Keep in mind that if you can't answer the question of what to do with what you learned with a sure "yes" or "no", that's a sign that your reasons aren't specific enough. If this is the case, I would recommend that you stop and take a step back to think why you're doing what you're doing. You'll need to know what your end goal is, or you'll just end up wasting time and money on something you're most likely not going to finish.
Once you start doing, you'll start to gain valuable real-world experience. You'll be able to directly know what things are working well for you and what could use a little more learning. There will eventually be a point where you hit a wall and can't use what you learned any further. At this point, you should go back to learning mode and continue to build upon not only what you learned before, but your first-hand experience too.
Once again using language studying, as an illustration, a good example might be that you practiced speaking with someone in the new language. When doing the talking, you might have noticed that your pronunciation was proper and you remembered the basic grammar structures and vocabulary with little issues. But you realized that when someone spoke to you in that language, you barely understood a word they were saying. Having this experience, you can start focusing on listening comprehension, so the next time you practice speaking, you'll have a better-trained ear.
Once you begin this cycle of learning and doing, it gets more comfortable over time. The first time you start learning something new, it's difficult to know if you're even learning the right thing. But once you have some direct practice under your belt, you'll have a clearer idea of what you need to learn next. You'll be more efficient in what you have to learn which, in turn, will make your next real-world practice less challenging, and so on.
Never stay in one place for too long
The main spot I notice people fail over and over again when learning something new is remaining in one part of the cycle too long. Typically, it's the learning portion, as I mentioned before. We know now that it's simple to break out of that because you don't need to know everything to start doing something. You just need to learn a little to get moving.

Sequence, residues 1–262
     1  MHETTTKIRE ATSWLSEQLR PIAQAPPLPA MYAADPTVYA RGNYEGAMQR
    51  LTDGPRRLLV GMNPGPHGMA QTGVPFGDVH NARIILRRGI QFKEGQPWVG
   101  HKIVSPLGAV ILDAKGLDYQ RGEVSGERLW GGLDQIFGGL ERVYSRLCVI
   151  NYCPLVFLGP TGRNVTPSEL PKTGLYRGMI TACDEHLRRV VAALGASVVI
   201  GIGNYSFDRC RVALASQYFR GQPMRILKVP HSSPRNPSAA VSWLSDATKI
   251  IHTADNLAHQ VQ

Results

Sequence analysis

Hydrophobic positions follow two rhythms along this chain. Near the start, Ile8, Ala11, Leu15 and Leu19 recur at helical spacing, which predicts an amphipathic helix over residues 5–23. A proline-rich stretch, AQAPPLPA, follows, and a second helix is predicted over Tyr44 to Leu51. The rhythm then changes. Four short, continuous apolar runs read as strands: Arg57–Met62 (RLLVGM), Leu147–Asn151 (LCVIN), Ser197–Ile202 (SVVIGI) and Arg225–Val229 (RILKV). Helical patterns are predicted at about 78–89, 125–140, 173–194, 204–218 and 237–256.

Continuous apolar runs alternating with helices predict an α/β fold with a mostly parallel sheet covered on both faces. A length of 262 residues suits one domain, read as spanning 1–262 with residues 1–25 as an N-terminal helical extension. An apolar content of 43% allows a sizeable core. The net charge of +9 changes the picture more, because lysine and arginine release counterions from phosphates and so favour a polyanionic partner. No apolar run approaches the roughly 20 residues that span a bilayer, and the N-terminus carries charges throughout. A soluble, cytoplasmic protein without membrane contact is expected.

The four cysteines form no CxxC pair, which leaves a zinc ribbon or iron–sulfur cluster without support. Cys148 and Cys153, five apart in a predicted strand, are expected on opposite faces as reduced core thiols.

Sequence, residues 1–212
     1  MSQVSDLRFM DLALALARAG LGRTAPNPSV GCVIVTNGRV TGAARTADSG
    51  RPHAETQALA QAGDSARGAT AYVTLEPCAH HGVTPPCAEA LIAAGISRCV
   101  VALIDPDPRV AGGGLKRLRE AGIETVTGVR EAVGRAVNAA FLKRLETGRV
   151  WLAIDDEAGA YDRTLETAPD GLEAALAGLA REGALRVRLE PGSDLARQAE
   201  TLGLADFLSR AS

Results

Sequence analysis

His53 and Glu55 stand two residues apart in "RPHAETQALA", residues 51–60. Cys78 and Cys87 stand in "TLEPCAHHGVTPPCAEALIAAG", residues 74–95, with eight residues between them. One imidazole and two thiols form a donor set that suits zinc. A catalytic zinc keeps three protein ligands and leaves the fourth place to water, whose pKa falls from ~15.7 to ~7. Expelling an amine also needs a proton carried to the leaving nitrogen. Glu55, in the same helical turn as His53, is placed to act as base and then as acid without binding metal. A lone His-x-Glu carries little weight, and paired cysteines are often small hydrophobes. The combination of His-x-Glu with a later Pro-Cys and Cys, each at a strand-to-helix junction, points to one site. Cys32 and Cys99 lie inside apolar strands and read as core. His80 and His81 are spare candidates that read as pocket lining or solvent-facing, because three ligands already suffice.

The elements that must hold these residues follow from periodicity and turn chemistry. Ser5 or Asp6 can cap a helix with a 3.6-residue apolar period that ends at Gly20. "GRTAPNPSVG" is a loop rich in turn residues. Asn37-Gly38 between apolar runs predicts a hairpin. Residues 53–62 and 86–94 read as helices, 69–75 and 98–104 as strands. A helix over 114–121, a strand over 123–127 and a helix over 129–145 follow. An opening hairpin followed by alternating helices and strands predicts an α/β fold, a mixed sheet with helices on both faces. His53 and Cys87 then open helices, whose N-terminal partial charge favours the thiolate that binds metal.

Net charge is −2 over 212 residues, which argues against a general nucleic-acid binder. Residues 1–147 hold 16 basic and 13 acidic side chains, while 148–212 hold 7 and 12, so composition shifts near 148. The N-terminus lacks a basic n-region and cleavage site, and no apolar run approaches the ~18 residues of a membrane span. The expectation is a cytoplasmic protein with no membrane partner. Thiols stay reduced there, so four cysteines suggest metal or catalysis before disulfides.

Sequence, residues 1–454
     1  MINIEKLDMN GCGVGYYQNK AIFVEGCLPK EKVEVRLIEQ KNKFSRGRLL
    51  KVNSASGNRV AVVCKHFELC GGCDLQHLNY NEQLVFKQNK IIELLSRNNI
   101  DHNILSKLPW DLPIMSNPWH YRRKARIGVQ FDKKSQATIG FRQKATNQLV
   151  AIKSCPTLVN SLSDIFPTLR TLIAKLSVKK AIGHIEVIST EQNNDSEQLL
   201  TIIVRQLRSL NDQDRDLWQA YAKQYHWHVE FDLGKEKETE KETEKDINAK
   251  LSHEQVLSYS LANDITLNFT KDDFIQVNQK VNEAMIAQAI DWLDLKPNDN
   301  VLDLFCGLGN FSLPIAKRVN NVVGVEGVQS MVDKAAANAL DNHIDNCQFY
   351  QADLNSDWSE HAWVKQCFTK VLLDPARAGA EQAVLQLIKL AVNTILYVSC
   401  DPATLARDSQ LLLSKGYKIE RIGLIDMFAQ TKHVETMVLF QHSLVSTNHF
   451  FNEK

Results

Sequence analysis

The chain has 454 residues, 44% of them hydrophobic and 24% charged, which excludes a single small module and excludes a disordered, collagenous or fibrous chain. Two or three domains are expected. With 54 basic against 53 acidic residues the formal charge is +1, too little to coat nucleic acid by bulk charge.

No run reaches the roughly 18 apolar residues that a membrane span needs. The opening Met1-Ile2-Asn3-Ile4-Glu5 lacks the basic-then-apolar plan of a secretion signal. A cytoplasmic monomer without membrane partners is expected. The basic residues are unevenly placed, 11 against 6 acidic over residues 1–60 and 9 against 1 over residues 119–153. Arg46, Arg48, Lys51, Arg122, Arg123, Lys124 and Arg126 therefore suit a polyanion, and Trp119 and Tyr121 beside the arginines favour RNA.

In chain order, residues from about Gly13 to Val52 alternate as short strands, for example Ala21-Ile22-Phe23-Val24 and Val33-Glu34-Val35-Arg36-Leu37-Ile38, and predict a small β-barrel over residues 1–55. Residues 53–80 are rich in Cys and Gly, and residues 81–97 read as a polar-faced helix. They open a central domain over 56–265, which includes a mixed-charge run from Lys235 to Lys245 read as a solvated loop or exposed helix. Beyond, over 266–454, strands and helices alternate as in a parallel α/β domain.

There are others who get stuck in doing. It can be due to some reasons. Some people are perfectionists and want to get everything correct before moving on. Others are stubborn and prefer to keep trying instead of taking a step back to see what they need to fix. Regardless of the reason, there's a good chance that progress will stall if you just try to do without learning.
The fundamental point is to transition between learning and doing, never getting stuck in one or the other for longer than needed. If you only learn, you'll never do anything. If you just do, you'll eventually get stuck because you'll lack the necessary knowledge to move forward. Moving between one and another - focusing more on doing - will help you quickly build both the education and the experience needed to reach new heights in whatever you want to do.
Small steps for your Practical Good:
Here are some small steps you can take to help you stop spinning your wheels in place and move you closer to accomplishing something new:
- Write down something you're excited about doing and why you want to do it. There's bound to be something you've wanted to do for a while, or maybe something you started but never completed. Write it down somewhere (I prefer pen and paper, but your computer or smartphone will do) along with clear reasons why to get your brain thinking about it.
- Think if you know enough to get started. Ask yourself if you know where to begin, no matter how little or how much you know.
- If you don't know where to begin, learn just enough to get started. Don't go overboard spending time and money on lots of material or services - just get one thing that will get you started.
- If you do know enough to start, or once you learned enough, stop learning and apply your knowledge immediately. Once you have enough information to begin, quit learning for the time being and start using what you learned in real situations.
- Go back to learning when you feel like you've gone as far as you can. Learn just enough to get you past the hurdle you're stuck in and dive back into doing as soon as you can.